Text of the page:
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RTC 4.0 regression? how to set group/other executable permissions?

Paul Smith (26122) | asked Oct 25 '12, 9:31 p.m.
retagged Oct 26 '12, 1:32 a.m. by Sridevi Sangaiah (59179)
 I have a number of files that need to be executable in my repository.  They all have the "Executable" property set on them in RTC.  In RTC 3.x when I loaded a workspace, they had executable set on all three user, group, and other (0755, or rwxr-xr-x).

Now I've had to upgrade to RTC, and when I load the same workspaces the executable bit is only set on the user (0744, or rwxr--r--).

Of course, I have the same umask as I had before (0022)

This is a big problem for us as we MUST have group and other (in particular) execute bits set.

Am I missing something, or is this a bug in RTC


Paul Smith commented Oct 25 '12, 9:35 p.m.

Just in case it's not clear, I'm using RTC on GNU/Linux.  Cheers! 

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Tim Mok (6.6k38) | answered Oct 30 '12, 5:08 p.m.
Jazz SCM doesn't support anything more than the user's execute bit so I'm not sure of the behaviour that you had with 3.x. I suggest opening an enhancement for support to set the execute bit for group and other. Although, there are concerns about exposing permissions for users not intended when the bits were set on another machine.

UNIX File Permissions Aren't Maintained After scm load... (161875)

Paul Smith commented Oct 30 '12, 6:20 p.m.

Hi Tim.  Thanks for the response.  I don't know what to tell you about 3.x: even now if I use my 3.x client to load my workspace all my executable files have all executable bits set.  If I use my client to load my workspace, it has only the user execute bit set.

This is just a bug.  If the concern were really about "exposing permissions", then the group and other "read" permissions would be disabled.  It makes zero sense to allow read but not execute, from an exposure point of view.  Someone just has to copy the file somewhere else and make it executable.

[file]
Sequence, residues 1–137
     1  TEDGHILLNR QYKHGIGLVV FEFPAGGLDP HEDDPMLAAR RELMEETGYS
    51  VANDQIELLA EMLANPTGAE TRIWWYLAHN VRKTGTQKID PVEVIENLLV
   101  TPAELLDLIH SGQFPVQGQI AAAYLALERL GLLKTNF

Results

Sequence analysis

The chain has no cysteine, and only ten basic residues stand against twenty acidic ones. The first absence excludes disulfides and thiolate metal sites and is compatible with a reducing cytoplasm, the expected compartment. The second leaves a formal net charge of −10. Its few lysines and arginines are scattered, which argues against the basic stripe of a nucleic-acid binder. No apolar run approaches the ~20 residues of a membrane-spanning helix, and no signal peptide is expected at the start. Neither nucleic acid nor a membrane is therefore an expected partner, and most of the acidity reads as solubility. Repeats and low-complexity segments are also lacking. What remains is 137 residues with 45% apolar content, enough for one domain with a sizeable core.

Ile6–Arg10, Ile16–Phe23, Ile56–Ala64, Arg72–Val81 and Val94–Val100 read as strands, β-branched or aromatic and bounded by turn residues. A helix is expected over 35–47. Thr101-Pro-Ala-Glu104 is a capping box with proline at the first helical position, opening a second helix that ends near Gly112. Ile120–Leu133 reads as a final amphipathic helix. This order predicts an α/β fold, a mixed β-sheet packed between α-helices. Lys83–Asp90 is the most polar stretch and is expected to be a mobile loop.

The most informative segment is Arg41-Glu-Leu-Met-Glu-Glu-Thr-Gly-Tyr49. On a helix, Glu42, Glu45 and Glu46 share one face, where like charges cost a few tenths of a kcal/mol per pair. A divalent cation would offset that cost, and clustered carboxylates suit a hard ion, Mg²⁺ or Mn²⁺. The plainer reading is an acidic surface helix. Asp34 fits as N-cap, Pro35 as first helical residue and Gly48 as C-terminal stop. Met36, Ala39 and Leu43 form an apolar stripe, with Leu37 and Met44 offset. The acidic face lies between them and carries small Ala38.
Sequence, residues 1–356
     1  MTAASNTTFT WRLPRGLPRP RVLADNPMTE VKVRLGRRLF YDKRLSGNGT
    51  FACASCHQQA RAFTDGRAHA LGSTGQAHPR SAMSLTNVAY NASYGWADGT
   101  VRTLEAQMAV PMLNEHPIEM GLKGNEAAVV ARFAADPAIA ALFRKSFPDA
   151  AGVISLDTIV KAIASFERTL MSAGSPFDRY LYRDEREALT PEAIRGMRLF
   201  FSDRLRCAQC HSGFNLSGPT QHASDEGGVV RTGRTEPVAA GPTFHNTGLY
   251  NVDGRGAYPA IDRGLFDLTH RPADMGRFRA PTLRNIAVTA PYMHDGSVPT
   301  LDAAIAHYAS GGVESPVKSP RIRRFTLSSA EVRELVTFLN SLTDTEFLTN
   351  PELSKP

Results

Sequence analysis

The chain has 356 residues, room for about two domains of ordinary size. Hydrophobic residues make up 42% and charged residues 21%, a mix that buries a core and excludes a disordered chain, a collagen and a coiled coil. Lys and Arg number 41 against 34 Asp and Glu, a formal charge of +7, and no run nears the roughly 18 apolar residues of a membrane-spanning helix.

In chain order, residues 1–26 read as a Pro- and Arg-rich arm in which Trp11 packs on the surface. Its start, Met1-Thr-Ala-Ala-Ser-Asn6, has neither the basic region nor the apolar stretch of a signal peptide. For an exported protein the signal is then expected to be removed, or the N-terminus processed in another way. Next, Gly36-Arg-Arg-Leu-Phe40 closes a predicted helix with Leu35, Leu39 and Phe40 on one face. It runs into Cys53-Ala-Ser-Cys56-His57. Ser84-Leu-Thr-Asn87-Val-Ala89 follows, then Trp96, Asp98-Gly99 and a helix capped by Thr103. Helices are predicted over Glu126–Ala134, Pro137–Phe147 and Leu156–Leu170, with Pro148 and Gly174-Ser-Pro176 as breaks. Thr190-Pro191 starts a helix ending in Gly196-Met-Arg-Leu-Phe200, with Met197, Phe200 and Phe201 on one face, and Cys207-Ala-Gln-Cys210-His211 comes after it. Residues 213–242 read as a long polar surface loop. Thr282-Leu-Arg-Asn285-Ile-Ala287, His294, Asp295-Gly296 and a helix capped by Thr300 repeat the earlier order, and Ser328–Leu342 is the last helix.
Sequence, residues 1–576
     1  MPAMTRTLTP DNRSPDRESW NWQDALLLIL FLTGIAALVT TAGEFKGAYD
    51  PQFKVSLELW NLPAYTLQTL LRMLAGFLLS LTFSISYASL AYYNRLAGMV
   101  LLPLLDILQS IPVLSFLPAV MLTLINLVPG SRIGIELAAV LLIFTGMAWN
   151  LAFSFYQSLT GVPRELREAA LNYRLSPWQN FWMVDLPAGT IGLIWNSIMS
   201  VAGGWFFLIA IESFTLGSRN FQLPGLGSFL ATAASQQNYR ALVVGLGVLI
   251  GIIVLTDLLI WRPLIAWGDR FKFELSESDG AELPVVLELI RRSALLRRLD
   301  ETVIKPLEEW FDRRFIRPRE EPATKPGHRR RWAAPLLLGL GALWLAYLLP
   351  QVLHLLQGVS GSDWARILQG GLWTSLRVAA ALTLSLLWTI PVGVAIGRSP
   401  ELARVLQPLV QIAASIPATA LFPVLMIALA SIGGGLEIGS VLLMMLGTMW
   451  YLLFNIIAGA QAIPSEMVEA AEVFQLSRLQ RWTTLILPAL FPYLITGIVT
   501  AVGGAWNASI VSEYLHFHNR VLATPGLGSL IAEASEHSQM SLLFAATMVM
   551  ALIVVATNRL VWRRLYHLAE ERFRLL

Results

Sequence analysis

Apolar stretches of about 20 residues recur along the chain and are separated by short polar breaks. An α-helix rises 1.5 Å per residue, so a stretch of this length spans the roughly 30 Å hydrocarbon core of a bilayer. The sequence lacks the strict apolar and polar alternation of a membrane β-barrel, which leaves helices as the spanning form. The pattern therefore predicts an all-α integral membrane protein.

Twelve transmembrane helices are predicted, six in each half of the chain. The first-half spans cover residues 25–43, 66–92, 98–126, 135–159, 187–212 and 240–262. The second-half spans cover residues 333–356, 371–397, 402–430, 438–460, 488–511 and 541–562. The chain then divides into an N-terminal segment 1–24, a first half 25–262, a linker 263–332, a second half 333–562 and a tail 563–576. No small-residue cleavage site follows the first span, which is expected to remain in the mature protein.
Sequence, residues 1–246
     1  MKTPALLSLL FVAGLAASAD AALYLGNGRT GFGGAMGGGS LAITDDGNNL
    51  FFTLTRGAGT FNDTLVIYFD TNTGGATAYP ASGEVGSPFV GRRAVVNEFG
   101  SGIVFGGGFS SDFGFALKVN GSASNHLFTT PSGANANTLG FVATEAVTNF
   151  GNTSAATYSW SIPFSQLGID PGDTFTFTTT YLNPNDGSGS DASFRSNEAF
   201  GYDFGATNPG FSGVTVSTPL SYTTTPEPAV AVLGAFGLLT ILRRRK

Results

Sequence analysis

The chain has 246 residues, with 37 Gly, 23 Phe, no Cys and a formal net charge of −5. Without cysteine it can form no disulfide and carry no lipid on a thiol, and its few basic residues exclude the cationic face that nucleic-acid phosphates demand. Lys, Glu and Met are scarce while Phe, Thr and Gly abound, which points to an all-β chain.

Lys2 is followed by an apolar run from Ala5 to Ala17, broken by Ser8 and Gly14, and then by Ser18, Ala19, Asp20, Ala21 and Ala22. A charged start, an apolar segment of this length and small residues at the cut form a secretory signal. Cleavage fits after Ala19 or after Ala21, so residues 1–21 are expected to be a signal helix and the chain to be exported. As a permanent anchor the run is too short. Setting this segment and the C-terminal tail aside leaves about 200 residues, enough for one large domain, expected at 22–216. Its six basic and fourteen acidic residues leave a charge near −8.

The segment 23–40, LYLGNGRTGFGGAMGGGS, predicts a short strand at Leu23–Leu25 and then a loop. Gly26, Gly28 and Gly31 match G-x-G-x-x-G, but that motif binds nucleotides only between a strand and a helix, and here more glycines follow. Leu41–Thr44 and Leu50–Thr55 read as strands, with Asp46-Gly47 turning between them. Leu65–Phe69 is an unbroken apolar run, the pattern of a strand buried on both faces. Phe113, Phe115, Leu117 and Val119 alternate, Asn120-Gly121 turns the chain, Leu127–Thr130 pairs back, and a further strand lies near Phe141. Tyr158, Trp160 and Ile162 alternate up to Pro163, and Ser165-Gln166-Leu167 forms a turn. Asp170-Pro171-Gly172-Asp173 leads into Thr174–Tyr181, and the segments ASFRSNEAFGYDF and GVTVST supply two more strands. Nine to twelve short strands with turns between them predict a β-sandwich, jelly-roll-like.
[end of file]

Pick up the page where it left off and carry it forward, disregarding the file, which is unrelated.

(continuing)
The only non-broken way to make this work is have default permissions of 0666 if the executable attribute is not set, or 0777 if the executable attribute is set, and let the user's umask handle the details.  That's the way UNIX was designed to work and it's worked fine for 40+ years; it's silly for an SCM tool to try to change that.  If users don't want to allow this that should be their choice, by setting umask.

Tim Mok commented Oct 31 '12, 8:47 a.m.

I've tested on Ubuntu 12.04 and Linux Mint 13 using RTC Ubuntu seems to preserve the execute bits as you see it when I load. Mint does not preserve the execute bits. I'm not sure about the differences and my umask is set to 0022 on both. RTC 4.0 seems to exhibit the behaviour you've described on both Ubuntu and Mint.

I think this does warrant a work item so please open one. It is odd that it has changed between the two versions. It's possible that I just couldn't find the work item that explains this behaviour or it's unexpected behaviour due to some other changes.

As for the umask, there is a work item to respect the setting: We should respect the umask for the user's execute bit (205284). Please add your support to it.

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